A long, long time ago, in a blog post far, far away, I documented some of my home tech in a piece that described how it all connected together. The article actually focused on my home network equipment, but I figured it would be useful to document the rest of the kit so that I can look back on it in a few years and marvel at how outdated it all was.
In a move which is hopefully slightly more interesting than my outrageously poor opening line, I figured it would be fun to expand out and showcase how I actually use some of this technology in my day job and my home life because I enjoy reading about the interesting things others have done, so perhaps others out there will appreciate this!
Before I can kick-off any mini series style articles, let’s set the foundations:
- Gigabit Ethernet cabled throughout
- Netgear GS605 Gigabit Switch
- Connectix Home Network Cabinet
- Connectix Home Network Patch Panel (8 RJ45 + 4 telecoms)
- HP ProLiant N36L MicroServer (4TB storage)
Our apartment is cabled using gigabit ethernet, with at least two outlets in each bedroom plus four in my home office, and four in the living room behind the TV. This all terminates back to a Conectix Home Network Patch Panel which provides 8 termination points for each of the sockets, plus 4 telecoms connections which can be used to route the BT line to any of the RJ45 outlets scattered around. The network sockets all terminate back to a Netgear GS605 Unmanaged Gigabit Ethernet Switch, which sits inside my Connectix Home Network Cabinet.
I really like having the flexibility to swap-out any active hardware or install new stuff without any hassle, plus having the freedom to route connectivity about as I need it is pretty neat.
Within the network cabinet is a Current Cost Envi and Current Cost Bridge, although I have to say that I am not overly impressed with the bridge’s capabilities since it connects only to the my.currentcost.com web site, which although powered by Pachube, locks all your data away.
In the coming months, I will hopefully be announcing my revised ‘Arduinometer’ project, which is now based on the new Netduino Plus. This open-source platform will be capable of reading simultaneously from different energy meters, including gas, electricity and water.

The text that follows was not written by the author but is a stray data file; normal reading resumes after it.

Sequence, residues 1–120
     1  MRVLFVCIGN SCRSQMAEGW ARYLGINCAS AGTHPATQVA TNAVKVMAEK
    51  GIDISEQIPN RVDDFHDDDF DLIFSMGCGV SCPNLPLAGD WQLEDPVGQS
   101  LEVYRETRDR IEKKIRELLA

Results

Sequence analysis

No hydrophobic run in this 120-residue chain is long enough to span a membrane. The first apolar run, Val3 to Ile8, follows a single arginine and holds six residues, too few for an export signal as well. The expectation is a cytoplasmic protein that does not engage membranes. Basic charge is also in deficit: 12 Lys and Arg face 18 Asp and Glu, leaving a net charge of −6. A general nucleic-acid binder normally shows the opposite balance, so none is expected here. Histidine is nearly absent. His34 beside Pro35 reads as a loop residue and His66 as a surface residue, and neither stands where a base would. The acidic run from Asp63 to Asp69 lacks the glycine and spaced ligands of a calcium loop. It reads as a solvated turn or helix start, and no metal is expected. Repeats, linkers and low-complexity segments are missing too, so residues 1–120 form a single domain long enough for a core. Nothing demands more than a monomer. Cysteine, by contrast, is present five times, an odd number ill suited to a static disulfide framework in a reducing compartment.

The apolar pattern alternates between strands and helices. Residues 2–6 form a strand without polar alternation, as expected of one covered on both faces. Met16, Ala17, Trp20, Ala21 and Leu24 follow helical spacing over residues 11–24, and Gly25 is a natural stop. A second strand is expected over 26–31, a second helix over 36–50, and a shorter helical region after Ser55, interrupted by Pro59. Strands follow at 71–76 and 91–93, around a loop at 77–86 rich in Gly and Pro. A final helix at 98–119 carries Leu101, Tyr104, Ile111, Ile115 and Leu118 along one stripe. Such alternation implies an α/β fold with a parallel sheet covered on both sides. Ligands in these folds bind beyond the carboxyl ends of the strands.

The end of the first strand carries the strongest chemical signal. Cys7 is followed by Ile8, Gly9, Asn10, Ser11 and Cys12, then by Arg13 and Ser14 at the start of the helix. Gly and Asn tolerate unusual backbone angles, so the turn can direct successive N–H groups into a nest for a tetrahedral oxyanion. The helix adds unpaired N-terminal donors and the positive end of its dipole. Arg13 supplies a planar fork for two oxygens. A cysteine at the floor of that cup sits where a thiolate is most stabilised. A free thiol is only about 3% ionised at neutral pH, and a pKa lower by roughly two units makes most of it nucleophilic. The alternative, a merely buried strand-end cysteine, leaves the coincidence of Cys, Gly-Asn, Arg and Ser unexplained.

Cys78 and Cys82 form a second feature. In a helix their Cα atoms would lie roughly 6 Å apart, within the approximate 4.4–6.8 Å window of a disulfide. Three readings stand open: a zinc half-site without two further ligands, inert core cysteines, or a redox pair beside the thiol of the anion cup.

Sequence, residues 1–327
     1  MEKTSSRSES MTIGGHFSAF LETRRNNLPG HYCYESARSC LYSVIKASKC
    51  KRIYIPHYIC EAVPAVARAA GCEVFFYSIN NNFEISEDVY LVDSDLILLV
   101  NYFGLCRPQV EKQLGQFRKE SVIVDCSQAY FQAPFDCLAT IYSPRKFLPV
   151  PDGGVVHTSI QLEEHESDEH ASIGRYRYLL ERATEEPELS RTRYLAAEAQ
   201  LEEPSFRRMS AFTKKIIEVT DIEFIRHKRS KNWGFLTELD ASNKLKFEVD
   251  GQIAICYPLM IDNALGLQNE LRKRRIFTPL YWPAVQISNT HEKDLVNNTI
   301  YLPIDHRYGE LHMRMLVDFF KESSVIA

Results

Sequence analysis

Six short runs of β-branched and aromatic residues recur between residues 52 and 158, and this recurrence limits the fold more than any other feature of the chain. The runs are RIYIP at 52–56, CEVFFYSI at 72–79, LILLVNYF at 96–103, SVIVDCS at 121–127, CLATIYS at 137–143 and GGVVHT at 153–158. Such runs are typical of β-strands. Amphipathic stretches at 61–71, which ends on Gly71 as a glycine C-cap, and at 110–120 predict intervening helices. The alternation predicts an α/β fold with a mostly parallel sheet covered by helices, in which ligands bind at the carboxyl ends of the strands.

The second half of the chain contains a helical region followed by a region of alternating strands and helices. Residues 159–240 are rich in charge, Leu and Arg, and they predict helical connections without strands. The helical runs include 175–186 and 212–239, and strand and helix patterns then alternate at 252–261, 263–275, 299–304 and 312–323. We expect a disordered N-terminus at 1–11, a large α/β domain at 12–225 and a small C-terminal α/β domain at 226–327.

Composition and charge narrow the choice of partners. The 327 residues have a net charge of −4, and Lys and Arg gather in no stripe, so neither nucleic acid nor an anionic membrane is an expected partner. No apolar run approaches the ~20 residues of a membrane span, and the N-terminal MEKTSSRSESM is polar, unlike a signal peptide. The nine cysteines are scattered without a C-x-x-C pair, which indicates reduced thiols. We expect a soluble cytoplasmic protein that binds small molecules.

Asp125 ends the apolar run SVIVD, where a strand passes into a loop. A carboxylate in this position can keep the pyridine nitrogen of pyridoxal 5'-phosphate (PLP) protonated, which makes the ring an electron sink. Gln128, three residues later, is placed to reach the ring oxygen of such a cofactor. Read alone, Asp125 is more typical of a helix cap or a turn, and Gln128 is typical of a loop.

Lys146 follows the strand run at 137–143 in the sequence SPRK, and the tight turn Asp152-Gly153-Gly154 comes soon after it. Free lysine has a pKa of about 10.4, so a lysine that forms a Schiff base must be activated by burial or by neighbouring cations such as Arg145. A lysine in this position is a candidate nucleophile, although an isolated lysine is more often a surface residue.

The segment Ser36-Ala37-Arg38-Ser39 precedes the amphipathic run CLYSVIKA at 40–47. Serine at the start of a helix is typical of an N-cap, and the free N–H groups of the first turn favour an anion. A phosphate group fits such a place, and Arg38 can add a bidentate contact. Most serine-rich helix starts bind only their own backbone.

Right now, I’m using BT as my broadband provider. Until their Infinity service is available in my area (September 2011 is the ETA – yikes!), I’m using their Total Broadband package. As you can see, I get relatively decent connectivity, but I’d obviously like to improve on that and I have high hopes for the BT Infinity Service (when it becomes available):
What matters most to me is reliability: as I work from home, I need a robust connection that’s there when I need it.
Servers & Storage
At the heart of my home network is a new HP ProLiant MicroServer N36L with 4TB of storage capacity. It runs the newest Windows Home Server 2011 operating system. All my client PCs (including my main development station) are backed-up daily by the server. That makes for a total of 4 PCs and 1 laptop being regularly backed up by the server, quietly and transparently.
As an added bonus, after a clean build of my development station, I took a full backup of it and that should allow me to do a complete rebuild simply by restoring the backup (which is actually an image of my machine) to go back to my ‘ideal state’ at any point in time.
My main development machine is an Intel Core i7 870 @ 2.93GHz. It has 8GB of Corsair DDR3 RAM and runs Windows 7 Ultimate. I’ve fitted out the very lovely Antec P90 case with a Corsair sealed liquid-cooling unit for keeping the processor nice and cool. Having a nice big radiator and 12cm fan means the RPMs can be kept low and that in turn reduces noise from the case.
Storage wise, I’m running a 120GB OCZ Colossus SSD as my primary drive with a 600GB Western Digital Green Caviar for storing most of the data. I also have a secondary 60GB Corsair SSD which has holds code I’m working on with Visual Studio 2010 (which, by the way, is installed on my primary SSD).
Driven by the NVidia GeForce GTX 275 primary graphics card are two 24″ LCD monitors, but I have aspirations to update those this year to a couple of IIyama 27″ panels. I also have a cheaper standard graphics card driving a 3rd 21″ CTX LCD monitor on which Twitter sits (yes, it is an addiction – live with it).